Score: 7/10 I had fun with this game, especially since I only spent around ten dollars for it. I recommend it if you like the Batman Arkham games and can get it for around the same price.

Video Game Review: Assassin’s Creed: Freedom Cry

Details: Beat it in about five hours. I played the stand alone DLC, but if you buy the DLC that is not, then you will need Assassin’s Creed IV: Black Flag installed if you want to play this DLC. Played it on the PC. Purchased for $5.

I really enjoyed Freedom Cry. The problems I had with Black Flag were certainly still there. However, I bought Freedom Cry for one main reason: the story. I wanted more story that tied with the historical setting of the time. This game delivered that.

The story premise is this: Adwele, the first mate of Edward Kenway and member of the Assassins, is shipwrecked in a slave trading town. He meets the locals in an attempt to get back out to sea and return to the Assassins. In his efforts, he befriends and sympathizes with a slave rebellion in the town and takes up their cause.

One of the main draws of the Assassin’s Creed games is that it is educational. Often times, they take a historical event or attitude and immerse you in it, both introducing you to an idea and showing you how it may have felt to live in that era. Freedom Cry does a great job showing just a small slice of the slave trade of that time period and the attitudes present.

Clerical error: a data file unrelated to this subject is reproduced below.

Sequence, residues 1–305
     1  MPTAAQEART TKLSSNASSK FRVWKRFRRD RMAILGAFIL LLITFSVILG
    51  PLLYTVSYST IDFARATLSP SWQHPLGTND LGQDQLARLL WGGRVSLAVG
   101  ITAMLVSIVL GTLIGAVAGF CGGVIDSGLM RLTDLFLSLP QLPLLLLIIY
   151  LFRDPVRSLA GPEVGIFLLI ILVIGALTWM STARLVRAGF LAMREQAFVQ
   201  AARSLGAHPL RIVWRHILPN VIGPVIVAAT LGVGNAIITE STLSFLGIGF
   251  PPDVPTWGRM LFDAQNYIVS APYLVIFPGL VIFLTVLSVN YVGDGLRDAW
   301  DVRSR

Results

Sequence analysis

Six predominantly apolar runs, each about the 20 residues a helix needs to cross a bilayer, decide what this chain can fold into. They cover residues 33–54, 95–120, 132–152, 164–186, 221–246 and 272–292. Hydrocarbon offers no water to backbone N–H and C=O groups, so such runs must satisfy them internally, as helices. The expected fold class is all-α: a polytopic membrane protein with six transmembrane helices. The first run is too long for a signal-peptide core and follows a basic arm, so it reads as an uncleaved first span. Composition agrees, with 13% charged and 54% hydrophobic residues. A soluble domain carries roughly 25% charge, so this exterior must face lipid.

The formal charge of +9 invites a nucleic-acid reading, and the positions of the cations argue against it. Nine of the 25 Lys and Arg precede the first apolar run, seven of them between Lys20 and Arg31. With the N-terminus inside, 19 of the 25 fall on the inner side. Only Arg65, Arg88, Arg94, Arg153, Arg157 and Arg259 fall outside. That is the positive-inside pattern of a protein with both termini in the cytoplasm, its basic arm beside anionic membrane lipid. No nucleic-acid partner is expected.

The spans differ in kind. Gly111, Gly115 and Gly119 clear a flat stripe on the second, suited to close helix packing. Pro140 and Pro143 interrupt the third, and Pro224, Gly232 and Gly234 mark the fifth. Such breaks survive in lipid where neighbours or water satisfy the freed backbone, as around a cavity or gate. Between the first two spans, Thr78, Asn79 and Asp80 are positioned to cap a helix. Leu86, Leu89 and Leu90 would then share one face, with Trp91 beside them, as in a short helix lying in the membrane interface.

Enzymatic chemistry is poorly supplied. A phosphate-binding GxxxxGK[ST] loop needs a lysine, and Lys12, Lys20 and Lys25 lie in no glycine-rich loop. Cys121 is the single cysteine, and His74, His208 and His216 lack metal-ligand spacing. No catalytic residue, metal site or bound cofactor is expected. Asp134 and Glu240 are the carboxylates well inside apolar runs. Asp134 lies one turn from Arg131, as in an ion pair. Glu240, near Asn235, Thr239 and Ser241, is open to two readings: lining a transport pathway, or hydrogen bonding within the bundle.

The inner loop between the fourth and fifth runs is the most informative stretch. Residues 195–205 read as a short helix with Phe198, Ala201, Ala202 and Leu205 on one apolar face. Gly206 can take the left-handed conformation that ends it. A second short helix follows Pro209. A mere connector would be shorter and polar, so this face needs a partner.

It’s a sensitive subject for various reasons. Movies and shows like Roots or 12 Years a Slave have done a great job showing some of the ugliness related to the slavery of that time period. People often criticize an exploration of these ideas because it is ugly, because some people still adhere to that racism and do not want it perceived negatively, and also because people who identify themselves with the countries that were responsible for slavery feel the cruelty and evil of that time is an insult to them personally and their national pride. For these reasons, I wanted to see this game even more because — while this is a fictional games — those attitudes were very real. For some people, they likely still are.

And you do feel the wrongness of the era through this game. The mental gymnastics necessary to justify enslaving a people are always ridiculous to see. The last few missions were particularly striking in how they illustrated just how little the slave overseers valued the lives of their slaves; they just didn’t think they were human. While the slavery of the colonial era is over, that kind of thinking and prejudice is powerful in that it often times rings familiar, even in the present day.

In regards to gameplay, it’s exactly the same as Assassin’s Creed IV: Black Flag. In other words,  there is some sailing, some sneaking, and the same counter based combat from prior games.

The graphics are the same as Black Flag, which isn’t bad in my opinion because I thought Black Flag looked great for its time.